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Buying your first car is an exciting milestone in life. You may have recently passed your driving test and looking to get some independence, but it also comes with a lot of responsibility. What are you going to do about insurance? Will you need to finance the car? How much money can you afford for fuel every month?
You might be thinking that these decisions seem way too big right now, so let's focus on what we know- finding our perfect match.
To figure out how much car you can afford, take a look at your budget and consider the monthly cost of fuel, car insurance, and any other expenses that you may want to purchase. It would help if you did this before going to a dealership, so you have a range of cars in mind.
Remember you have several things to factor in when thinking about your budget when buying a car. These include finance repayments, insurance costs, running costs (road tax, fuel, servicing and maintenance) and more.
How are you going to pay for your first car? You could pay cash or take out a loan. The loan could be a personal loan, through a bank, or a hire purchase style agreement through the motor dealer.
Some people may have cash on hand that they can use for their first car purchase. Others might be eligible for other types of finance where a down payment is given upfront, and the rest of the loan is paid off over time.
Banks can usually offer lower interest rates for personal loans than motor dealers can on hire purchase, particularly on a used car. However, it is worth checking from motor dealer to motor dealer what deals they have available.
Banks finance, and interest rates, will not typically be impacted if the car is new or used. Hire purchase agreements at dealers could see higher interest rates for older cars.
You may be fortunate that you could borrow the money from family or friends. They are usually the most favourable in terms of borrowing costs!
If you are lucky enough to be in the market for a brand new car, buying a car will be from a franchised main dealer. Do not forget to check online with the likes of AutoTrader and Carwow. They often have deals from main agents that you may not be offered in person.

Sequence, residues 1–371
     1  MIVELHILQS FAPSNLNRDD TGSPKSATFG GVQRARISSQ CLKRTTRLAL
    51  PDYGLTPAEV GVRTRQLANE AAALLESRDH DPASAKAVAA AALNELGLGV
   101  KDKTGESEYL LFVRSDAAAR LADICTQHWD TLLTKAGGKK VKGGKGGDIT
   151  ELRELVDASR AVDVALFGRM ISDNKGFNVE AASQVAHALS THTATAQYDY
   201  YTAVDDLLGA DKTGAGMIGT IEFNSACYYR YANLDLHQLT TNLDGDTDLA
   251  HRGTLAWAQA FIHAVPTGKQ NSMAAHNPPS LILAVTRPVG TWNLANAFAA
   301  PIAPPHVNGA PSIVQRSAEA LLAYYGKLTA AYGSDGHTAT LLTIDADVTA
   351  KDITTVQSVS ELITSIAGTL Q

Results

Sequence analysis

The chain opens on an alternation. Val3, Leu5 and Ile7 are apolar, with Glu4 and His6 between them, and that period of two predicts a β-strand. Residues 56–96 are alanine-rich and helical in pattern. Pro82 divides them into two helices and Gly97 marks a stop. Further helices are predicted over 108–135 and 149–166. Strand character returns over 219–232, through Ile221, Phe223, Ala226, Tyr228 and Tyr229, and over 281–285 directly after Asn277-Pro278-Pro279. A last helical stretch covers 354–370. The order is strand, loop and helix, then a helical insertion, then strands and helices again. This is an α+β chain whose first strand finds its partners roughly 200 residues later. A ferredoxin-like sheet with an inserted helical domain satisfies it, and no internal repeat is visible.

If it is a used car you are buying, you could buy from a main dealer, a used car specialist or even privately. All can be considered. However, you will not have access to all dealer facilities, like servicing or finance, if you go down the private route for your first car.
When you are thinking about which may be the best new cars, then both new cars and used cars can be considered.
To stay up-to-date with car reviews. These can be on a review website, car magazines, forums and social media. This step is a worthwhile investment, especially if you buy your first car and are not very knowledgeable about cars.
This will help you to have an idea of what kind of car fits your need. It also can be a valuable guide to see which cars are the most popular or reliable.
Bear in mind people often only post 'bad' stuff about their cars. If you see a few moans, it does not always mean all owners hate their cars. It will, however, give you some idea of any common problems that occur.
These common problems can often be rectified, and you can ask if this has been done to a particular car when you are aware of it.
Ask for help from someone who knows about cars. Ideally, they will have personal knowledge of the vehicle, having owned it in the past or have it now.
Ask family and friends as they will have an opinion on the cars they have owned or know of people who own an example of a car you are considering.
Get to know your local salespeople. Tell them what you are looking for. Even if they have not got what you want precisely, they can keep an eye out and tell you if something comes up.
You can test drive a few cars before making your final decision. Try as many as you can. See if you can drive them to places that you would typically go. Try them on your driveway, your workplace and anywhere you might typically use a car. You can see if they fit into spaces that you would typically use, like a driveway or parking space.
We suggest a sensible balance between style, comfort and reliability in your first car. It's easy to get sucked into looks and gadgetry but not forget the essential things. Get the best value for a budget while you are on a budget.
If your budget is restricted, then you may need to be flexible on your choices. You may not be able to tick every box you want, but it could broaden your options.
Some people can get fixated on the car having the best fuel economy, for example. This may mean they discount petrol cars from their thoughts, and only look at diesel. However, if you are only doing 5 or 6,000 miles a year, the extra cost of diesel fuel could nullify any ongoing savings you may make.